BOOK: Shadow Puppets (2002)

Shadow PuppetsYear: 2002Author: Orson Scott CardLength: 646 minutes / 10.77 hours It’s odd for me to read the third book in a series and be confronted with problems that I usually see by the fourth book. So far, I’ve been on board with the whole Shadow series as it focuses on an interesting character in the form of Bean. For two books, I’ve read about Bean’s survival, made all the more thrilling by the antagonist Achilles. Of course, during Ender’s Shadow and Shadow of the Hegemon, the series picked up plenty of side stories and sub-plots. This is what ruined Shadow Puppets for me: the focus wasn’t on Bean and Achilles, but rather on advancing the story of all these sub-plots. Now, don’t get me wrong, Shadow Puppets has a lot of interesting events. It’s just that it was so entertaining to read about Achilles in the previous books, and he’s relegated to a bookending motif for this book. We don’t get...
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BOOK: Shadow of the Hegemon (2000)

Shadow of the HegemonYear: 2000Author: Orson Scott CardLength: 365 pages It’s almost fitting how the follow-on book in the spin-off series to Ender’s Game takes the same tactic as Speaker for the Dead and transforms itself into a completely different genre. While Speaker for the Dead and its sequels still maintained a level of science fiction for the Ender saga, Shadow of the Hegemon pivots into a political thriller with almost no hints of sci-fi to be seen. The strength of the characters helped make this transition relatively smooth, but it still highlights how these child-aged individuals hardly have any child-like qualities. While the Shadow saga certainly needed to start out focusing on Bean, I did appreciate how Shadow of the Hegemon developed many of the supporting characters. For the first time in both series, I felt like the reader was able to know Petra and Peter while also seeing what Achilles was capable of accomplishing. The results of bringing back children...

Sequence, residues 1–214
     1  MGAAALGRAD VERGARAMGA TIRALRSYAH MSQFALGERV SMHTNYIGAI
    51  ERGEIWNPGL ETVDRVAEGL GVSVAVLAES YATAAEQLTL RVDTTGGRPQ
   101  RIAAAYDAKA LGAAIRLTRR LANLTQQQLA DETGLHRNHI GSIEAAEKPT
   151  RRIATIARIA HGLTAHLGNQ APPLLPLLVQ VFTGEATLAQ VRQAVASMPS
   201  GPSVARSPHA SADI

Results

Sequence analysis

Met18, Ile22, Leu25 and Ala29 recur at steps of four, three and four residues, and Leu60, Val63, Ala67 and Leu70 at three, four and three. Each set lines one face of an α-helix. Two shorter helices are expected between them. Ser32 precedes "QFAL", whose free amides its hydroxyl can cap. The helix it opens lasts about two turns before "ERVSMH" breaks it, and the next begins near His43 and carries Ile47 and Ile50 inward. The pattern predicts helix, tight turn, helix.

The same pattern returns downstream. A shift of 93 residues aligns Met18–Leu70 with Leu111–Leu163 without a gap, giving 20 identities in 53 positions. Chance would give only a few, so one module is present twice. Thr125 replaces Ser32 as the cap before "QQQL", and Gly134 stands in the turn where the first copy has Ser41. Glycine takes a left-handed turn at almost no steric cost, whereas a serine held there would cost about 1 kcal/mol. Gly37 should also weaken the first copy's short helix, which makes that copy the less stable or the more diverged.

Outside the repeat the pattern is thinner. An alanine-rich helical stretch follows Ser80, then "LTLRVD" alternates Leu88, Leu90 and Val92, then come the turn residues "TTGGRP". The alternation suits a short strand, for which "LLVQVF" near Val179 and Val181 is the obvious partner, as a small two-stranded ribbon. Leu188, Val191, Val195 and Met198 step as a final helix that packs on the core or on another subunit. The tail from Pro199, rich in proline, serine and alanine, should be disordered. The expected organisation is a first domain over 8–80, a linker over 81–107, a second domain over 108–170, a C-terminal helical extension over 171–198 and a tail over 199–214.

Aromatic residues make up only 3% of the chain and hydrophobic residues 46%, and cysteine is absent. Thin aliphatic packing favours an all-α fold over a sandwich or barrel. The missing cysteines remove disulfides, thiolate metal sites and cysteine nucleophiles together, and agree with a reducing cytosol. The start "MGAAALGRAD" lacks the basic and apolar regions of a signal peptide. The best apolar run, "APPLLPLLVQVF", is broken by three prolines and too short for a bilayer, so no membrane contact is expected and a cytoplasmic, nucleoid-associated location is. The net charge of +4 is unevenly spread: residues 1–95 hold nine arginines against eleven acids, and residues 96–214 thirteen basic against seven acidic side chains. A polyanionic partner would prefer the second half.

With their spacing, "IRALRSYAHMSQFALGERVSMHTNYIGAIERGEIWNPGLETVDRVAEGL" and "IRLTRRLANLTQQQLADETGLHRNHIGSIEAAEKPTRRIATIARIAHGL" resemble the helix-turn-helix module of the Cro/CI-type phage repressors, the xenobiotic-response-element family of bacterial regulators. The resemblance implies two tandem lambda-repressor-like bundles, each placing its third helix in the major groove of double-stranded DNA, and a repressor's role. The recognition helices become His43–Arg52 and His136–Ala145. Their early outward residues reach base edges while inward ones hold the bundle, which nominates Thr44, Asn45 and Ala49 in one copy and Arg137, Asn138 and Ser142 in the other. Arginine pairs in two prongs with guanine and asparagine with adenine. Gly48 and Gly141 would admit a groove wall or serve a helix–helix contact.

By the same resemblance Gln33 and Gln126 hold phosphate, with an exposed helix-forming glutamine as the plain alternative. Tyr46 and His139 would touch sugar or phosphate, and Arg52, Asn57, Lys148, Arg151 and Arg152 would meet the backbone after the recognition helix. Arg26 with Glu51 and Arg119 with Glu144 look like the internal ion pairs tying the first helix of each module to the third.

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BOOK: Ender’s Shadow (1999)

Ender’s Shadow Year: 1999 Author: Orson Scott Card Length: 469 pages Those who have already read my reviews of the Ender Saga know I hold this series in high esteem. While this original series follows a format more similar to The Lord of the Rings—in that it starts with a singular prequel then advances into a three-book main story—approaching the first book in the series from another character’s point of view is a compelling tactic. Despite already knowing the outcome of most of the plot of Ender’s Shadow (via Ender’s Game), it was interesting to see how Card had improved his writing in the years since the original book in the series was released. While Ender’s Shadow could stand on its own, the shocking reveal in Ender’s Game is something that I felt lacked the impact it had in this book. Additionally, there was an unusual amount of nudity, even if it was markedly non-sexual. In the end, though, Ender’s Shadow is an excellent setup to a true sequel series instead of having to endure the “time...
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